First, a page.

the EU corporate taxation set-up, one being that it unfairly
favours large companies in comparison with SMEs.
The communication describes three alternative approaches. The first
is a definitive transfer of losses or profits, without recapture.
The commission opposes this, as it could shift tax bases across
borders. Secondly, it raises the possibility of a temporary loss
transfer that allows for that loss to be recaptured by the national
exchequer of the subsidiary once the subsidiary returns to profit.
Finally, the communication puts forward the idea of applying a
worldwide system by which all foreign profits and losses are taken
into account at an entity’s headquarters.
As it turned out, the commission’s initiative fell largely on deaf
ears: in March, the EU’s Economic and Financial Affairs Council did
no more than note the communication’s existence.
Tax avoidance manoeuvres
There is concern hasty reform could lead to opportunities for
companies to manoeuvre their positions to avoid paying corporation
tax. An extreme example could be an EU multinational allocating its
profits to low-tax countries, such as Estonia, where corporation
tax is zero. In parallel, it could then engineer its losses to
transfer to, for example, Germany, where federal and local taxes
still mount up to around 30 percent.
The commission’s next step was another communication, ‘Tax Abuse’,
which has just been released. While attempting to deal with
Kauppi’s concern, its aim is to improve the “co-ordination of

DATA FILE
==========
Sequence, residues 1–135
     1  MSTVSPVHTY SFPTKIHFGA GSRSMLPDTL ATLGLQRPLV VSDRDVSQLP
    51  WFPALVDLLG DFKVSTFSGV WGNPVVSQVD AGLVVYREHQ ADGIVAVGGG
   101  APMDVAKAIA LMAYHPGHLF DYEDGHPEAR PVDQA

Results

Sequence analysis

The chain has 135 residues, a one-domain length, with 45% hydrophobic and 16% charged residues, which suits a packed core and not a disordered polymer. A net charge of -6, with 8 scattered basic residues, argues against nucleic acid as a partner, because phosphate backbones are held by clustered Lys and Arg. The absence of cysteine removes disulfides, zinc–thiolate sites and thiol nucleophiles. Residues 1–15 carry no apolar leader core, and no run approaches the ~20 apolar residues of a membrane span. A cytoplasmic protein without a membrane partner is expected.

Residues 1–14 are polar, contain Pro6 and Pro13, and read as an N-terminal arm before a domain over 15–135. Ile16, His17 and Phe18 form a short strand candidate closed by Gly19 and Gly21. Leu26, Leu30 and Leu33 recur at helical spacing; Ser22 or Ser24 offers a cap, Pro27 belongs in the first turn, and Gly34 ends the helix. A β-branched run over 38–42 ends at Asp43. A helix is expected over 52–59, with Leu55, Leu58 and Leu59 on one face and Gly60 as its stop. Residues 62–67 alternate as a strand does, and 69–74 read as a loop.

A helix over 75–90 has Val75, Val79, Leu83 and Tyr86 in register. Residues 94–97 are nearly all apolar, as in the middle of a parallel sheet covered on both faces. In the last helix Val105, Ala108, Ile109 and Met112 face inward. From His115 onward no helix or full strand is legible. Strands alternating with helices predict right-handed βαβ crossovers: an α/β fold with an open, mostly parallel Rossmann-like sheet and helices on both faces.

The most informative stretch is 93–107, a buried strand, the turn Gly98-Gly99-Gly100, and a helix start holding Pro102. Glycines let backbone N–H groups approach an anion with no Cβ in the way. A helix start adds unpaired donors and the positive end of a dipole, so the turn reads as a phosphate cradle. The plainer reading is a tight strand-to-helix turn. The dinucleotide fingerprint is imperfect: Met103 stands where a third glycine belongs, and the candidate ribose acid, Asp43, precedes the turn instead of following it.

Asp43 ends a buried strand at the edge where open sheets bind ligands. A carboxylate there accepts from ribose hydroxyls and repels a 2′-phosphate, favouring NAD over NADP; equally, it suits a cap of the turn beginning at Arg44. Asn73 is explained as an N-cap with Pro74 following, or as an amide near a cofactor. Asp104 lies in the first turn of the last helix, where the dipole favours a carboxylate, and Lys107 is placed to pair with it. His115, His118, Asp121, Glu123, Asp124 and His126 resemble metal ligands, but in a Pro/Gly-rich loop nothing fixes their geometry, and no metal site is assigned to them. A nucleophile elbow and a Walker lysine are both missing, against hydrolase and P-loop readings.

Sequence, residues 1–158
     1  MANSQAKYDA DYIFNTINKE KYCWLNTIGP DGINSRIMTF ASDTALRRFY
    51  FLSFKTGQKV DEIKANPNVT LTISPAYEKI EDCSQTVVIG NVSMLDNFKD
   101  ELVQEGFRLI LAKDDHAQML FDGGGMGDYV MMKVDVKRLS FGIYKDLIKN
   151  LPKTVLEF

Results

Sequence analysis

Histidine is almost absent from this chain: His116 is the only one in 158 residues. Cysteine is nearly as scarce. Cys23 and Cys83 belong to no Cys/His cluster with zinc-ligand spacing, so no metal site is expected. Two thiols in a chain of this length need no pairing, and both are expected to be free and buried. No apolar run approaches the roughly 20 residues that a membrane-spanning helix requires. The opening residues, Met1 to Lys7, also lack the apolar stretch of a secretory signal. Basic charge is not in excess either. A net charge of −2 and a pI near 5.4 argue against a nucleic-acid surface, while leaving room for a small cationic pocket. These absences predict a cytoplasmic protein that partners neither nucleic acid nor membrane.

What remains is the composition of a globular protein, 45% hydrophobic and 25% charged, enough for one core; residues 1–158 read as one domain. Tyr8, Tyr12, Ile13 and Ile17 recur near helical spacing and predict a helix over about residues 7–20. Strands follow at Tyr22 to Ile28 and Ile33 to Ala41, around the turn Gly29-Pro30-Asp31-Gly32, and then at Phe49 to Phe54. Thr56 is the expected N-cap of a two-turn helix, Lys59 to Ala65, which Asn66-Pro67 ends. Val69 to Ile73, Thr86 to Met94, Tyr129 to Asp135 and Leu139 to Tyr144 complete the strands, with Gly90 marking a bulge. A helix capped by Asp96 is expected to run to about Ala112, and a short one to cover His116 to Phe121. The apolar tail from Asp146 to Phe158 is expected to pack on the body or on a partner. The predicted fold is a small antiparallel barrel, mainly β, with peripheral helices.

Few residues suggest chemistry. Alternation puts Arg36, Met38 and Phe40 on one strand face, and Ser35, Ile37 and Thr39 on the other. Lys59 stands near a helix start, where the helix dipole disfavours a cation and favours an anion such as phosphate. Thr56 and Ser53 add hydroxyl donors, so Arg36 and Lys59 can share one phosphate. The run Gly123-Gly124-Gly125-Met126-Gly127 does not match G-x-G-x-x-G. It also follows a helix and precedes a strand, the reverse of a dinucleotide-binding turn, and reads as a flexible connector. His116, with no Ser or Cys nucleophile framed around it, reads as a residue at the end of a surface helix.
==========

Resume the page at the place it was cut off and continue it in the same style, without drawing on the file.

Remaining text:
national anti-abuse rules”, the commission says. This is against a
background where some EU member states have already implemented
what the commission describes as anti-abuse rules.
The new document suggests how co-operation between the member
states could help. It shows them how they comply with EU single
market treaty obligations, and the paper copes with double
taxation. The communication covers matters such as rules against
particular types of avoidance schemes, such as thin capitalisation
and letter box companies, purporting to provide intra-group
services without adequate physical existence.
Linked to the whole cross-border tax loss challenge is another
major challenge – to set up a European common consolidated
corporate tax base (CCCTB). The European Parliament Committee on
Legal Affairs holds the view that a CCCTB “would help, most of all,
to tackle the difficulties which arise in relation to cross-border
How long it is before Kauppi’s paper will stimulate results is
anyone’s guess. There will be liaison with parliament, though this
body is known to be somewhat toothless for taxation. It is also
expected there will be noticeable noise from lobbyists.
This procedure could finally be followed by regulation, or, more
likely, a directive. If it is a directive, it would have to be
transposed into 27 different national legislative codes. Then the
EC would have to verify that the transpositions conformed to the
directive. Finally, the directive would be implemented across the
EU, effectively becoming law.
This drawn-out process could take another three, six or more years.
Kauppi fears this is ample time for the EU economy to fall behind
the US, Japan, China and other rivals.